“You know a woman named Mary?” I scuff my feet on the worn porch. “Lived in that house, our house, before they bought it.”
“Somebody named Clyde lived there ever since I bought this place,” Maxwell says. “Old guy without a wife. Church pestered him into selling.”
“Our sister lived there.” I take a long swallow. “Mary.”
Johnny tilts the beer down his throat, looking over at me sideways.
“I thought she was dead,” Maxwell says matter-of-factly. “Isn’t that why you’re here?”
“Samantha doesn’t always get it right,” Johnny says.
I stick my tongue out, and give Johnny the finger. “You have a bathroom, Popeye?”
“Feel free,” he says, not turning to me, but looking straight at Johnny the way I’ve seen so many people look at him. Even in his ragged-ass condition Johnny has that draw. “There’s a bag of chips on the fridge. Be a good girl and get it, will you?”
Inside Maxwell’s house it’s immediate freaky déjà vu. The layout is so similar, and it’s from the turn of the century like our place. But his place is all miasmic potpourri and incense, nothing like Mom’s Pine-Sol and bleach had our place smelling. Still, walking through the amber light past his overstuffed old furniture, it’s weird and off-putting.
I see our whole family gathered on some long-ago Christmas, opening presents, drinking cocoa, munching down cookies. Christmas tree and cinnamon.
Down the hall I see Dad getting pissed at Johnny about one of the times he was being a jerk to me. Dad wagging a finger at Johnny and smacking his head. Johnny turns, gives Dad an icy look. Dad slaps his face.
But then I’m in Maxwell’s bathroom taking my pee, smelling Maxwell’s lemon air freshener, and on this wrought-iron shelf beside the sink is an antique ivory-handled hairbrush that I swear is the same one our grandma Mildred gave Mary when we were kids. I reach up and grab it, and it’s got the same frilly design carved into the handle.
My head gets tight, blurry. I see Mom combing Mary’s hair, singing her a pretty nursery rhyme. Mary, she’s right here with me. Hi, Mary.
I turn the brush over in my hand, feeling the smooth, oval heft. I run it through my greasy hair, and for a few minutes have a short, quiet cry sitting on Maxwell’s toilet. Then I put the brush in my coat pocket.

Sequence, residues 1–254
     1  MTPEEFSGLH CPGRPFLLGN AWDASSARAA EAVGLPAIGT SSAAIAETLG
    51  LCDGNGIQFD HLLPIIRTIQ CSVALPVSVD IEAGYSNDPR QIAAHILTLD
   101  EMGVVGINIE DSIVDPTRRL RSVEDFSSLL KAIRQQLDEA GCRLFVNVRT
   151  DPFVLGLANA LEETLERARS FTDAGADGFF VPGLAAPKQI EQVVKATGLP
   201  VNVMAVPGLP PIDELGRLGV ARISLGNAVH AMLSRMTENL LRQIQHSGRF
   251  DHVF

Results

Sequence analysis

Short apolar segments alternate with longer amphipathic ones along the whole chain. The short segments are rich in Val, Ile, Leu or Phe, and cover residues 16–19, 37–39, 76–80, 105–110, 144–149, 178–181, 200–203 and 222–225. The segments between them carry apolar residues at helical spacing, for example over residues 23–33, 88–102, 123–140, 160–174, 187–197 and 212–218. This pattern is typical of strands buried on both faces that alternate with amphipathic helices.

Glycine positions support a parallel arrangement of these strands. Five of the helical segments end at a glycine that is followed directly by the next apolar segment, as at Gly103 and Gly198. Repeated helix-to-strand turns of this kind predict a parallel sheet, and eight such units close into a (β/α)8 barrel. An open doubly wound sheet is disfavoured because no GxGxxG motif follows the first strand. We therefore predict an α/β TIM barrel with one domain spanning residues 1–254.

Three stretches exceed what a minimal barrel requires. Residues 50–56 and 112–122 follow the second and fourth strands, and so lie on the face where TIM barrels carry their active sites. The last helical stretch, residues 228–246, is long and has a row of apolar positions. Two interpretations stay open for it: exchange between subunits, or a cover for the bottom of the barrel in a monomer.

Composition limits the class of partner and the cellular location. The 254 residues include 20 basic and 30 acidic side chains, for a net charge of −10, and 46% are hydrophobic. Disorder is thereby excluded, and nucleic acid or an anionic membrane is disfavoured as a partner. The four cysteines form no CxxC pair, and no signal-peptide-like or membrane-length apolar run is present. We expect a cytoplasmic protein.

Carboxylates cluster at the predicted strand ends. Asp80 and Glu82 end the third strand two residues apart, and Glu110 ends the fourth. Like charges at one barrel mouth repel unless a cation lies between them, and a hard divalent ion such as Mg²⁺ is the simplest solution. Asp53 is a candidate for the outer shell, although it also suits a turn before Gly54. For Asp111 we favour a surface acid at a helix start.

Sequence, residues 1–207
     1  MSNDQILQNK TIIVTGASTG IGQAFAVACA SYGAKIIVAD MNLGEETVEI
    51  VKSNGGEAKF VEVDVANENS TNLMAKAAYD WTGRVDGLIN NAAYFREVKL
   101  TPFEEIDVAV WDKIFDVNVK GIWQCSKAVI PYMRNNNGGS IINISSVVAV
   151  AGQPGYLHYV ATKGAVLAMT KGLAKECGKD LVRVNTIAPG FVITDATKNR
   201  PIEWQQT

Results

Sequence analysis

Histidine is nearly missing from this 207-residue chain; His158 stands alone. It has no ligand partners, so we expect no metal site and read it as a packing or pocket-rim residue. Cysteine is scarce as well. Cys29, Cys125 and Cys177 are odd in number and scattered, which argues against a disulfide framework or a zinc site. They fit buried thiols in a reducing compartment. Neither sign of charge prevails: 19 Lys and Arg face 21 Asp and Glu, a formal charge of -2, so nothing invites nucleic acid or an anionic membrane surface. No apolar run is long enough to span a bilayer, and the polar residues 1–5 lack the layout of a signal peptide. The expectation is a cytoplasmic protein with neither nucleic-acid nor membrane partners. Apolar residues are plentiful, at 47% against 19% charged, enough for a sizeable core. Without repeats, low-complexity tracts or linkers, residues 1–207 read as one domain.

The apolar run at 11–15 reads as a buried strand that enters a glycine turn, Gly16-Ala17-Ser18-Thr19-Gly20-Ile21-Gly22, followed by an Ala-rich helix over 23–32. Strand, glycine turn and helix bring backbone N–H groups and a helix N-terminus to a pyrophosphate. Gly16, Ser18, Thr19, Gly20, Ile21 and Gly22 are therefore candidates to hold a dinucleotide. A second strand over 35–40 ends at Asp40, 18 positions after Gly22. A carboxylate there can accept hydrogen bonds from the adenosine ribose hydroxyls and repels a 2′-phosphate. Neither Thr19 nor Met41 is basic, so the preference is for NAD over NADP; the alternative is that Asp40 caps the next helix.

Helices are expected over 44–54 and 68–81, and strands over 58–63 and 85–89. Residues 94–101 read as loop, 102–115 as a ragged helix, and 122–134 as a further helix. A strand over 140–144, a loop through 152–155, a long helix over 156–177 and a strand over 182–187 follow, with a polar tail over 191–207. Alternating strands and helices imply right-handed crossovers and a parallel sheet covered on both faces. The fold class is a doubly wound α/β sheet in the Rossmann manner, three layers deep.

On the fridge, in the yellow light of the kitchen, there’s a framed photo of Maxwell all dressed up in feathers and beads for Mardi Gras. He has this pose going—pursing his lips, jutting his hip out, looking like he really thinks he’s something. I don’t know why it makes me so mad. I just feel like an exposed nerve, jittery and alive, unpredictable. So, whatever, I take the magnetized framed-up Maxwell off the fridge, set it on the old-style blue Formica counter. I whip the brush out of my pocket and whack Maxwell in the face three times, breaking the glass all over the place. It feels good, but makes a lot of noise, and I do a little tiptoe dance and try not to laugh. Then I’m real quiet and perfectly still. Maxwell’s voice carries through walls and the dead space of the living room. I hear Johnny laugh in a fakey way. It all mingles with the ticking and vibration of the refrigerator, just like Mom and Dad’s 900 miles away. I pull a couple of paper towels off the roll and cover the glassy, glittery mess.
Back on the porch I hand Maxwell the potato chips. He and Johnny are sitting close, and Maxwell’s still holding up his side of the heated discussion about the church. He’s pointing up the block from where we parked.
“You’re very agitated by this, aren’t you Maxwell,” Johnny says, flirty.
“It’s a travesty.”
“You said that already,” I say, thumbing the soft bristles of the brush in my pocket, rolling my eyes so Johnny can see. I’m betting Maxwell found the brush over on our lot. I picture him rummaging the lots for kitschy artifacts. I bet that’s why he shooed us off our property. Johnny doesn’t acknowledge my gesture, and it makes me wonder what Johnny wants from this guy. Maybe just the beer; maybe a place for us to stay tonight. I kind of really want to hate this guy who’s taking Johnny’s attention, and who maybe went digging around our old yard. But I guess it doesn’t matter, we’re here, we made it this far, and I can’t let stupid Maxwell ruin it now, can I?